b. Squeezing the bottle to force the hair color altering liquid out of the opening in the tip along the part as the bottle is moved in reverse direction.
c. Spreading the liquid that has been discharged into the hair either with the projection or with the thumb of the hand that has held the hair while the other hand discharged the liquid along the part line. This spreading operation by means of the projection requires its movement transversely of the part line to push the liquid into the hair. This is not a very effective spreading instrument and therefore most operators have used the thumb instead which has the disadvantage of dirtying the hand and of sensitizing the skin unless it is protected with a rubber or like glove which most operators do not like to wear because of the discomfort associated with having a moisture-tight covering over the entire hand.
With the device of FIGS. 1 and 2, the procedure of forming the part is essentially the same as described for the bottle which has the discharge orifice at the very end of the tip but liquid discharging and spreading operations are different because the location of the discharge orifice back a substantial distance from the tip enables the operator to squeeze the liquid from the bottle out of the discharge orifice 32 and simultaneously move the projection transversely of the part so as to spread the liquid into the hair as it is being discharged instead of being spread in a separate movement after the discharge of the liquid. This speeds up the efficiency of the operation, saves considerable time and effort and therefor represents a considerable improvement in this art.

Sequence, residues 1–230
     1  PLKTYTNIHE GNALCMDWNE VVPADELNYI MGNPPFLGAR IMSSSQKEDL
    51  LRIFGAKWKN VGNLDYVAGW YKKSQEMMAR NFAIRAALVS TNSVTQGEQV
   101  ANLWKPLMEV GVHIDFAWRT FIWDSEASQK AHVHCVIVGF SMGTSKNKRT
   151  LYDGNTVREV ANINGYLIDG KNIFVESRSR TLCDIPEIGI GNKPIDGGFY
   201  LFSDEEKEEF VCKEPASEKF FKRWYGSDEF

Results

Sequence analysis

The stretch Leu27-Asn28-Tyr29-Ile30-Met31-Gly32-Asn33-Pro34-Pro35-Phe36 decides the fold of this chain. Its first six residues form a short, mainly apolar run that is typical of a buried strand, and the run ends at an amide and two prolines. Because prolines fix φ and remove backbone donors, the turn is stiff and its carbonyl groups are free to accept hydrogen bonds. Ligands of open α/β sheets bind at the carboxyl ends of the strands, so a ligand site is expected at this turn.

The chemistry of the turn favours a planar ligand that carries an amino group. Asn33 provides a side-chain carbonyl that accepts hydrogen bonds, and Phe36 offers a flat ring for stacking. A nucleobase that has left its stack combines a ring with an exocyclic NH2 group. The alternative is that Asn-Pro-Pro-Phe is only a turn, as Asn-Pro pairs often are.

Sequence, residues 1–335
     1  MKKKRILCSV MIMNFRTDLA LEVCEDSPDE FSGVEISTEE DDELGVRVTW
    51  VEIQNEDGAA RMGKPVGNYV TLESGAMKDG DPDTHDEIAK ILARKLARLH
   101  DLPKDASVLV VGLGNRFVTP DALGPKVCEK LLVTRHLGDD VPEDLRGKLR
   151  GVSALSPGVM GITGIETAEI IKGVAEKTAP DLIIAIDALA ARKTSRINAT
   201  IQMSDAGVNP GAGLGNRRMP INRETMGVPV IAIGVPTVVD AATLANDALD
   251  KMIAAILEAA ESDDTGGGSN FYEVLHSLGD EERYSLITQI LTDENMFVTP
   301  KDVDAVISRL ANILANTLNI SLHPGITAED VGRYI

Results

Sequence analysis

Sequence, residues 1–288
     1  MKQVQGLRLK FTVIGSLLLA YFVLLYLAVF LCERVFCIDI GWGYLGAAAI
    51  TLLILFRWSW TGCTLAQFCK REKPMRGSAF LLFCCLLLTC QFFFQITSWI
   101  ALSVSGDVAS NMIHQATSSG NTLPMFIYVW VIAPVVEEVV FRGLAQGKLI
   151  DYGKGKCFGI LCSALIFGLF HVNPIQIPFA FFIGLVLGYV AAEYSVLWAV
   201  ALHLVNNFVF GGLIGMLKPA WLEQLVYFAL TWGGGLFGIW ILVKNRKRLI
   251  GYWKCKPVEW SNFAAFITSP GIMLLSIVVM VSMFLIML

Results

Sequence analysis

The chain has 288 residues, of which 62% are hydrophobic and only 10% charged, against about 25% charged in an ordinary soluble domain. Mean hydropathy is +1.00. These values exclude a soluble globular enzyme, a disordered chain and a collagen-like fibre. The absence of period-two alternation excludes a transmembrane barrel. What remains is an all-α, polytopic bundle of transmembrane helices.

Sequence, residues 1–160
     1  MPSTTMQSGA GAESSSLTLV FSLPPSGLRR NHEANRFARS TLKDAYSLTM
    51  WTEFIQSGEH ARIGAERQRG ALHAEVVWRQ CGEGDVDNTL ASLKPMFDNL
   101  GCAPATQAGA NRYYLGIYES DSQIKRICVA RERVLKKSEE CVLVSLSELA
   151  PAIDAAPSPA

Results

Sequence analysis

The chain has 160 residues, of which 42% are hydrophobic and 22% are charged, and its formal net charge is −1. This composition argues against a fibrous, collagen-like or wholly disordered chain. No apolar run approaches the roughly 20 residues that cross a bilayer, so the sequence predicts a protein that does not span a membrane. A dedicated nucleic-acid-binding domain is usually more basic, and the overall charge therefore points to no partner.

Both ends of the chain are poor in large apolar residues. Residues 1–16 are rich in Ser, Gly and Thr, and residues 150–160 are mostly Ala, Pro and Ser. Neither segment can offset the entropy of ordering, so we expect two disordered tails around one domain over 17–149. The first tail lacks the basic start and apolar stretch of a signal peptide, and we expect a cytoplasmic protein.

FIGS. 3 and 4 include a convention squeeze bottle 10 having a cap 20 with projection 28 and discharge orifice at the free end 34. Since the parts have the same structure as the squeeze bottle and cap illustrated in FIG. 1, further description is not necessary. With this bottle an adapter 40 is used which has a frustoconical recess conforming in size and shape with the frustoconical exterior of projection 28 so that the adapter 40 can be slipped down over and be tightly held in position on the projection 28 by the frictional contact of the wall of the attachment with the wall of the projection 28. A passageway 42 is provided in the internal wall extending from the free end thereof backwardly along the interior wall to the orifice 44 so that liquid which is discharged from the squeeze bottle by application of hand pressure to the cylindrical wall 10 thereof causes the liquid to go out through the passageway 30, then backwardly through the passage 42 to the outlet 44. The embodiment of the invention illustrated in FIGS. 3 and 4 is used in the same manner as the device shown in FIGS. 1 and 2, and which need not be further described.
Referring now to FIG. 5, the squeeze bottle has the same structure as that illustrated in FIG. 1 and bears the same reference characters. The cap 20 also is the same as that of FIG. 1 except that the axis of the projection 28a upwardly from its attached end converges toward the axis of the collar or flange 22, as clearly seen in FIG. 5.